WICHITA, Kan. (KSNW) – “What would the world look like if we embraced and saw a world full of love in the absence of hate?”

It’s a question Ben French, President, and CEO of Shepherd’s Way, asked himself before embarking on a years-long journey to help and inspire individuals with developmental disabilities.

“I think that the first time that that really came to life in my life was when I met my friend Dallas,” said French.

Ben French and his friend Dallas pose for a picture (Courtesy: Shepherd’s Way)

French met Dallas, a young man with a developmental disability, through a Christian ministry about a decade ago. After a year of knowing each other, French learned Dallas and his family were going through a season of homelessness.

“We started down this path of what does the future look like for Dallas and really looking through that lens of love and hope and opportunity in the absence of fear and hopelessness and judgment,” French explained.

That’s when French had the bright idea to get an apartment and share it with Dallas. The two eventually moved in together, sharing a two-bedroom apartment in downtown Wichita. What started as a warm place for Dallas to sleep quickly turned into a safe space where Dallas would learn the ins and outs of what it takes to live on his own, eventually paving the way for Shepherd’s Way.

“We were really able to invest him,” French said. “In the course of six years, graduate him through a three-phase housing program where he gets to have full autonomy in this life. He gets to celebrate recently his five-year anniversary at two different jobs, and people in the community get to experience the pure and bottomless joy that Dallas has to bring.”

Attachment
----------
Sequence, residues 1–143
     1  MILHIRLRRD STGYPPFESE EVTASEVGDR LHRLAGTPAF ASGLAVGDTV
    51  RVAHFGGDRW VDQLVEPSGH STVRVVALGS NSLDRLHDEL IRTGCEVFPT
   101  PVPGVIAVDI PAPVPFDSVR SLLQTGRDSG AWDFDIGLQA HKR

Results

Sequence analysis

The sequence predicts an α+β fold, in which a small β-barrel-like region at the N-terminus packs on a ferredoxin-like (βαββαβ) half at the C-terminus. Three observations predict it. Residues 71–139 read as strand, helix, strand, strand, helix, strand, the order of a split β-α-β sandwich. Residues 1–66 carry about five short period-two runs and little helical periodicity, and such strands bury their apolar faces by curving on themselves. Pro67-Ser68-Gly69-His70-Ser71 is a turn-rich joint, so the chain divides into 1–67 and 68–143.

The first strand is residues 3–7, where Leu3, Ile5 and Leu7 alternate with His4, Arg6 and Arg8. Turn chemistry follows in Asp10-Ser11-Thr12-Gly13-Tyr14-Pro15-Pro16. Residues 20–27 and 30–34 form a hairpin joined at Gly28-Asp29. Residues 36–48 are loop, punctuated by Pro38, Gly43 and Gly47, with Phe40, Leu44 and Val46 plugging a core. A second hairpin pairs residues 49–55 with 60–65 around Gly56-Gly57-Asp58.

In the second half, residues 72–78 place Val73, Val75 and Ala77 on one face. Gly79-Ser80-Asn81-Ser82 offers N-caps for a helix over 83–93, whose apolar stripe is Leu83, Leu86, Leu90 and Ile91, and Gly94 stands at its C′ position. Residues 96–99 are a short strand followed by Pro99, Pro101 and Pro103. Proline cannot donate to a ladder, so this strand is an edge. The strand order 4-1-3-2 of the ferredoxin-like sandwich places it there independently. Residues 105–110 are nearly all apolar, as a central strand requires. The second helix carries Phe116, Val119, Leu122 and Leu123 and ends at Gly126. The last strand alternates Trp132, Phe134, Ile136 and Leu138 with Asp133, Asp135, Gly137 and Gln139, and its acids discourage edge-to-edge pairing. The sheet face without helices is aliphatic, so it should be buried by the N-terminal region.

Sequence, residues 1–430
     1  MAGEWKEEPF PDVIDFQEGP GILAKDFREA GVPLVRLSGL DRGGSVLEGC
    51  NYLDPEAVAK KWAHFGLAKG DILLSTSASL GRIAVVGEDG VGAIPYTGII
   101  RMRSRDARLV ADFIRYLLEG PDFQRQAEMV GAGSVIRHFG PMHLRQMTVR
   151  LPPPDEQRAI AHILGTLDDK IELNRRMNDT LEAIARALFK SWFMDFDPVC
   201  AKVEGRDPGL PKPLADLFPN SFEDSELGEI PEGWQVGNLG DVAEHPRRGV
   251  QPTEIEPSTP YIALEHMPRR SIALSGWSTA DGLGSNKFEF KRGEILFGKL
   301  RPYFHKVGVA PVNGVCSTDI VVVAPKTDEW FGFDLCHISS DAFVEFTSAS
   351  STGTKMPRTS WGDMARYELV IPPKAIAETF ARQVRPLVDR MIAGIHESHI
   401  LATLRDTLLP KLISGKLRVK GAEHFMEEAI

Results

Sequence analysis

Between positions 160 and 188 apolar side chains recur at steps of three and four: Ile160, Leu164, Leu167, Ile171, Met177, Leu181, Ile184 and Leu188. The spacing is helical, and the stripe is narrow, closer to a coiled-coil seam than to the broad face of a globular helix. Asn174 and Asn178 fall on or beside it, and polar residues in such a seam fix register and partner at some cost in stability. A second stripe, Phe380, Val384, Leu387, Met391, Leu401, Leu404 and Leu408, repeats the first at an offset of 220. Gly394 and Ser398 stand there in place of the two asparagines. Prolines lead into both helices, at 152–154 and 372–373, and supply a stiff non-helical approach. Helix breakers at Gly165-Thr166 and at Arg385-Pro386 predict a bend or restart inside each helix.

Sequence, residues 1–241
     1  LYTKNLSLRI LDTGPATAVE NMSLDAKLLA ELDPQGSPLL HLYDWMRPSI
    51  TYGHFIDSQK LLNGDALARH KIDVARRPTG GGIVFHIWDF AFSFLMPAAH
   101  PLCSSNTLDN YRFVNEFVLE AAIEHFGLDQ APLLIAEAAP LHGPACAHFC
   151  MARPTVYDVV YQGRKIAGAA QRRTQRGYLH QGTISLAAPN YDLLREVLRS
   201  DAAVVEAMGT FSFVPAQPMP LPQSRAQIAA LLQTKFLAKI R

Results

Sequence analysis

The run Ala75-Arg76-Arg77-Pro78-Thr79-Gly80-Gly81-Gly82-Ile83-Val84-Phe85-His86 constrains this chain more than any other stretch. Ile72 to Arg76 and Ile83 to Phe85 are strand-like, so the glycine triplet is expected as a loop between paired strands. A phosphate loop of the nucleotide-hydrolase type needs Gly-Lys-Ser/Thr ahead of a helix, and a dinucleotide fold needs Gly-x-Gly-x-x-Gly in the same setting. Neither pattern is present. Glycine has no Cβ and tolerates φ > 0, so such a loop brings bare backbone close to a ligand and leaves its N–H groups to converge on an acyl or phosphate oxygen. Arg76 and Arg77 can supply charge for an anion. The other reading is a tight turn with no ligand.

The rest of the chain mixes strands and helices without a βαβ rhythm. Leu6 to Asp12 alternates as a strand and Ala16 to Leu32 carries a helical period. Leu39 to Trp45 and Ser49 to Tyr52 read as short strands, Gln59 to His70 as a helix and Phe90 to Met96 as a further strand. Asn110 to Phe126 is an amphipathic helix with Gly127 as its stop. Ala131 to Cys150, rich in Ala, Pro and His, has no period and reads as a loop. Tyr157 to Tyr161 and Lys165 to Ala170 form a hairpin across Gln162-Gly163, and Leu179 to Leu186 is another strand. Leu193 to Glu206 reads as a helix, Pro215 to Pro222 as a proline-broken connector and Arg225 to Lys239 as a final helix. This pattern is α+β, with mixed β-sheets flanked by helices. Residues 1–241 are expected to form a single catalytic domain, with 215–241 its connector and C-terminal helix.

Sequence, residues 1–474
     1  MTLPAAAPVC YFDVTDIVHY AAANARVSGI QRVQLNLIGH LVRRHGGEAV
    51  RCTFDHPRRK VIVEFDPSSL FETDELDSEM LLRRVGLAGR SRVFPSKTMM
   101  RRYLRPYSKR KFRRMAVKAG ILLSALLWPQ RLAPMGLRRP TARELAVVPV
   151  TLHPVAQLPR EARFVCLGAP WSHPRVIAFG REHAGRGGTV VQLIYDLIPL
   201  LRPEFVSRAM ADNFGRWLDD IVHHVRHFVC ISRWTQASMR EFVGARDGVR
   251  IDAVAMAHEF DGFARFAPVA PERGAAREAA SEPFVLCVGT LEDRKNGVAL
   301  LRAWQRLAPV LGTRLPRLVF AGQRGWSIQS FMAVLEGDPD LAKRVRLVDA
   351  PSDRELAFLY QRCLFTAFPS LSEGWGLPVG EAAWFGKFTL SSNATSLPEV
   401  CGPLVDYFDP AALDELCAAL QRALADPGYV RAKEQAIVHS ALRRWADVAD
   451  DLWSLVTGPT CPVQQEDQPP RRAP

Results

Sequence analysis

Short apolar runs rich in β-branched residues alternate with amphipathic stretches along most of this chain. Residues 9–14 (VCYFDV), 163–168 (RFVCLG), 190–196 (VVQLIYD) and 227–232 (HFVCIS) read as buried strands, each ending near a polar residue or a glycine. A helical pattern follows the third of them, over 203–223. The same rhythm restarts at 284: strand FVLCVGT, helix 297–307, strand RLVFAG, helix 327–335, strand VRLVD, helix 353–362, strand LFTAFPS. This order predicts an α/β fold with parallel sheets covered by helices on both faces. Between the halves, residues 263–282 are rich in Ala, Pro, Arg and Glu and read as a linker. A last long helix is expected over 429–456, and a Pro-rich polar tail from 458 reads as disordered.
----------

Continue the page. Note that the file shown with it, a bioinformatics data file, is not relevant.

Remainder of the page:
What is Shepherd’s Way?

Shepherd’s Way provides housing and life coaching for individuals with intellectual disabilities. The nonprofit places individuals who may need some extra help learning how to care for themselves with mentors.

“A mentor teaches life skills, is a friend, an advocate, helps with day-to-day things like getting your dishes done or doing your laundry or budgeting or making sure you have enough food, but also is somebody that you can talk to,” said mentor Jake Flesher.

Flesher joined Shepherd’s Way in December 2020. He currently lives in a three-bedroom home with two other individuals. He said he gets just as much out of the program as the participants.

Shepherd’s Way participants and mentors celebrate a birthday celebration (Courtesy: Shepherd’s Way)

“That is probably the greatest feeling in the world to get to help a guy with something that he has never been able to do in his entire life, and people have always told him that he will never be able to do it. When you teach it in a way that is understandable and digestible for him, and finally, the lightbulb goes off, you can just see him understand what that means. It’s the best feeling in the world to help these guys do that,” Flesher explained.

RJ Shortt joined the program in 2021. He calls his time at Shepherd’s Way “priceless.”

“Being here, I have been able to cook more stuff than I ever really have cooked. I have also learned how to wash the dishes and do laundry, and the mentors are pretty big. I think being independent is pretty important to me because then that helps me make better decisions,” said Shortt.